* Rosneft grows trading with partners under sanctions
* Petrocas sees volumes growing since Rosneft bought stake
* Targets markets such as Turkey and Greece
By Olga Yagova and Dmitry Zhdannikov
MOSCOW/LONDON, March 10 A former Russian juice
magnate who has crude terminals and other assets in the Caspian
and Black Sea region says he is expanding cooperation with
Kremlin-controlled Rosneft to help the oil major boost
trading from Turkey to southern Europe.
Rosneft's partnership with David Yakobashvili and his
Petrocas oil products trading and logistics firm is part of
efforts to build new markets as the Russian oil major grapples
with U.S. and EU sanctions imposed in 2014 over Moscow's
activities in Ukraine.
Sanctions have stopped Rosneft, the world's biggest listed
oil company by output, working with Western banks and scuppered
its bid to buy a trading unit from Morgan Stanley.
In response, Rosneft has built ties with global trading
houses Trafigura and Glencore, as well as companies
such as Petrocas that are based closer to home.
"We are pursuing joint strategic interests with Rosneft and
are discussing joint involvement in infrastructure projects in
the south Caucasus and beyond," Yakobashvili told Reuters.
"Petrocas helps (Rosneft) increase margins when selling
refined products and delivering them to end users in Europe and
Turkey," he said in an interview.
Born in the former Soviet Union's republic of Georgia,
Yakobashvili, 60, set up Petrocas in 2008 to supply Georgia and
its neighbours with refined products. The initiative was part of
an effort to diversify away from Russia.
In 2010, Yakobashvili divested from what had been his main
asset, juice and dairy firm Wimm-Bill-Dann. PepsiCo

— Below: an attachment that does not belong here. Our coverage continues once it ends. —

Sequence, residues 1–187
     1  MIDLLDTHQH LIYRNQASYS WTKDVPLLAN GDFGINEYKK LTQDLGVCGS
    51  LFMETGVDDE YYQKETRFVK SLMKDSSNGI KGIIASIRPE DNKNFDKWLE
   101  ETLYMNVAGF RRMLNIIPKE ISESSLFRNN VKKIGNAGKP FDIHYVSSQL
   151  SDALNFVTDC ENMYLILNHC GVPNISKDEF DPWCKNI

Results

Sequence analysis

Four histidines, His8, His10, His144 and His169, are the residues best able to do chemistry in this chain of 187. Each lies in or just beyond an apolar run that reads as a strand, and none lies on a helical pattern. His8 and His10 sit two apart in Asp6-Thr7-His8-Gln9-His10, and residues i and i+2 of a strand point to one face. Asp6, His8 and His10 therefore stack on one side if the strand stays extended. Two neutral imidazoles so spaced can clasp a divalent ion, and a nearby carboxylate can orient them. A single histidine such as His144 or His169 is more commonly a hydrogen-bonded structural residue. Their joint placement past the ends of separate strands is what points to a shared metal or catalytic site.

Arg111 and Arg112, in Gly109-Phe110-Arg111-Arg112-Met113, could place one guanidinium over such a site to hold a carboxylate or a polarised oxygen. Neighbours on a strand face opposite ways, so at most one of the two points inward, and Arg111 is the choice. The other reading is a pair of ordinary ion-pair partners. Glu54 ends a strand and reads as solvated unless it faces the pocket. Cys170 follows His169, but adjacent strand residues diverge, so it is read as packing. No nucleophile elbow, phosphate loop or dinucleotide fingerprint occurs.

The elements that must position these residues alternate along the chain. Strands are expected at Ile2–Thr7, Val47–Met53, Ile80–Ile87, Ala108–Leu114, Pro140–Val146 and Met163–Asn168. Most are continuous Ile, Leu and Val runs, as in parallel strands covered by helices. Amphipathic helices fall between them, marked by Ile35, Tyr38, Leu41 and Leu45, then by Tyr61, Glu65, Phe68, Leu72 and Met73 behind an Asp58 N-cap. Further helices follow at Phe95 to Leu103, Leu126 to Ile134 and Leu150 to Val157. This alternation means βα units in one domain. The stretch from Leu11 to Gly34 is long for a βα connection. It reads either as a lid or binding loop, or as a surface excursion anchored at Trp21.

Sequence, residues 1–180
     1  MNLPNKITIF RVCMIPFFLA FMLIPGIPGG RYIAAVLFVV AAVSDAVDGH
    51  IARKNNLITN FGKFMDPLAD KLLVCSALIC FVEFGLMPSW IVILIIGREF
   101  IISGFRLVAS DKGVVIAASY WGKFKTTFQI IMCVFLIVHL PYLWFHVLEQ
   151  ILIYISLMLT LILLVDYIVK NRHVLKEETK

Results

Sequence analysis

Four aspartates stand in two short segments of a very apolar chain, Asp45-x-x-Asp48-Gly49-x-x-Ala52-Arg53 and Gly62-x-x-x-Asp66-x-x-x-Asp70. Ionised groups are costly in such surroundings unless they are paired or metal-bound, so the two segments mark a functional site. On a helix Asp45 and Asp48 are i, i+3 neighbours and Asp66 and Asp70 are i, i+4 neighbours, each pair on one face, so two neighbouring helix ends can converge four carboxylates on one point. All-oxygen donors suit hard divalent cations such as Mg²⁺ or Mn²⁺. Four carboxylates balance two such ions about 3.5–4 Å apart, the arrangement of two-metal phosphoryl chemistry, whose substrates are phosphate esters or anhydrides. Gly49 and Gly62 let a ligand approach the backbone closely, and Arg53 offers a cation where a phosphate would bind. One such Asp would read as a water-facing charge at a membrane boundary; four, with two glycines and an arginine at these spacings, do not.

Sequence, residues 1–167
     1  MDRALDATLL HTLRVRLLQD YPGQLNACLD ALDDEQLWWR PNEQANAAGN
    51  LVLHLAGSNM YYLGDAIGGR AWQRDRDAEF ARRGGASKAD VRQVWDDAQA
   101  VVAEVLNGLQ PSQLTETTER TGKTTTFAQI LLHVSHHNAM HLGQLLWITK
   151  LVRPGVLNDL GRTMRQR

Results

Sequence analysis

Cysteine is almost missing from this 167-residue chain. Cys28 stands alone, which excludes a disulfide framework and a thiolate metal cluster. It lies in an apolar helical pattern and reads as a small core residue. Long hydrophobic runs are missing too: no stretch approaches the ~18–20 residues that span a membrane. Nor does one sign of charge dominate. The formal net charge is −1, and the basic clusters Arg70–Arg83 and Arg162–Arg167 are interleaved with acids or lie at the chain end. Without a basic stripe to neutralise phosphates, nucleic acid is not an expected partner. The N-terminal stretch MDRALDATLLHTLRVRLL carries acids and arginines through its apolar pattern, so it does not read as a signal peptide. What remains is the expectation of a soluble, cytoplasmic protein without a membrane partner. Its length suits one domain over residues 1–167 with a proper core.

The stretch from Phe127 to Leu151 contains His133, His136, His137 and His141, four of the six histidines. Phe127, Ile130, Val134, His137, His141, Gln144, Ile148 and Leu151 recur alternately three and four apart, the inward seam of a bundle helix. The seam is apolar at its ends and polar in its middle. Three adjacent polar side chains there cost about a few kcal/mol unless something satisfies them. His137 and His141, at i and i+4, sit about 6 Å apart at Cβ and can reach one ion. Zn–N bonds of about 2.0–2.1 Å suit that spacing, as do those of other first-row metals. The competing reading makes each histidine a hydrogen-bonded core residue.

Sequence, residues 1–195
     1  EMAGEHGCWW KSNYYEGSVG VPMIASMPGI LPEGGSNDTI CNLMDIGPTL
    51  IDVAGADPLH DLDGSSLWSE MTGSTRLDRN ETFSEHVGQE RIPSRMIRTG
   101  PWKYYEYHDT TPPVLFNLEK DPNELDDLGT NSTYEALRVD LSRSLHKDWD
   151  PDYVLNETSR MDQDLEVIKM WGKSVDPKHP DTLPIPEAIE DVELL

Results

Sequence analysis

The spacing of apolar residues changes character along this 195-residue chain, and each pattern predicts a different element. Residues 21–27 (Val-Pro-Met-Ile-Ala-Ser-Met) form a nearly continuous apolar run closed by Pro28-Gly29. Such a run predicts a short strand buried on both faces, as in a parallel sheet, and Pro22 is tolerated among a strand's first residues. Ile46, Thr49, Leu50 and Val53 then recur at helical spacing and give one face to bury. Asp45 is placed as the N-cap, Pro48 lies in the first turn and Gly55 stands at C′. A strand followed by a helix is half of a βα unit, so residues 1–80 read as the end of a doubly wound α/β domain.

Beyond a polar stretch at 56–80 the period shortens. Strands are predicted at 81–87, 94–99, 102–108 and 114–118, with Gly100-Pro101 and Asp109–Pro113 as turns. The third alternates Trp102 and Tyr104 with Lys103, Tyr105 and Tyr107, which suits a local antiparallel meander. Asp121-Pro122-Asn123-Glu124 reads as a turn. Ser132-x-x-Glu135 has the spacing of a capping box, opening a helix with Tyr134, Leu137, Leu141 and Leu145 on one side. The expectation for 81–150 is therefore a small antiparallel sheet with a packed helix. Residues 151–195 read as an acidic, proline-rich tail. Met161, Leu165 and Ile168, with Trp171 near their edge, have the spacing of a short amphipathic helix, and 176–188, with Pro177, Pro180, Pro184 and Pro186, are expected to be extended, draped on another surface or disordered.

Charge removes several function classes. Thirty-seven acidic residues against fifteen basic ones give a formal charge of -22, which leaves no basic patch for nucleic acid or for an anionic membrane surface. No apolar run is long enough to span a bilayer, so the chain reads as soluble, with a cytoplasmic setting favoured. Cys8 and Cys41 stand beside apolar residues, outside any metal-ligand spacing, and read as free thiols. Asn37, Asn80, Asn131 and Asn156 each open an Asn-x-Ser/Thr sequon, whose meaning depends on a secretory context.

bought a controlling stake in the company in 2010 in a deal
valuing Wimm-Bill-Dann at more than $5 billion.
Petrocas, which controls oil terminals and gas stations in
the Caucasus and Black Sea area, operated mostly as a logistics
company until Rosneft acquired 49 percent in the firm in 2014
for $144 million.
"Petrocas has become a reliable partner to help solve
logistical tasks in the Caspian Sea and the Caucasus,"
Yakobashvili said, adding it was now seeking to expand trading
operations in more southern European nations.
In 2014, Petrocas sold about 1 million tonnes of oil
products per year. That had grown to 3.5 million tonnes in 2016.
Yakobashvili said this would expand this year as he targets
markets in Greece, Italy, Bulgaria, Romania, Turkey and Germany.
Petrocas was looking at starting crude oil trading and was
talking to firms in Kazakhstan and Turkmenistan, he said.
Petrocas, which buys volumes from Rosneft at tenders,
already has contracts with oil firms such as Kazakhstan's
Kazmunaigaz, Austria's OMV, Greek Motor Oil Hellas,
Italy's Saras and France's Total.
Turkey is a key growth market for Petrocas, which plans to
ship 900,000 tonnes of diesel in 2017 to Turkey's Demiroren
Group under a long-term deal.
(Reporting by Dmitry Zhdannikov, Olga Yagova; Editing by Edmund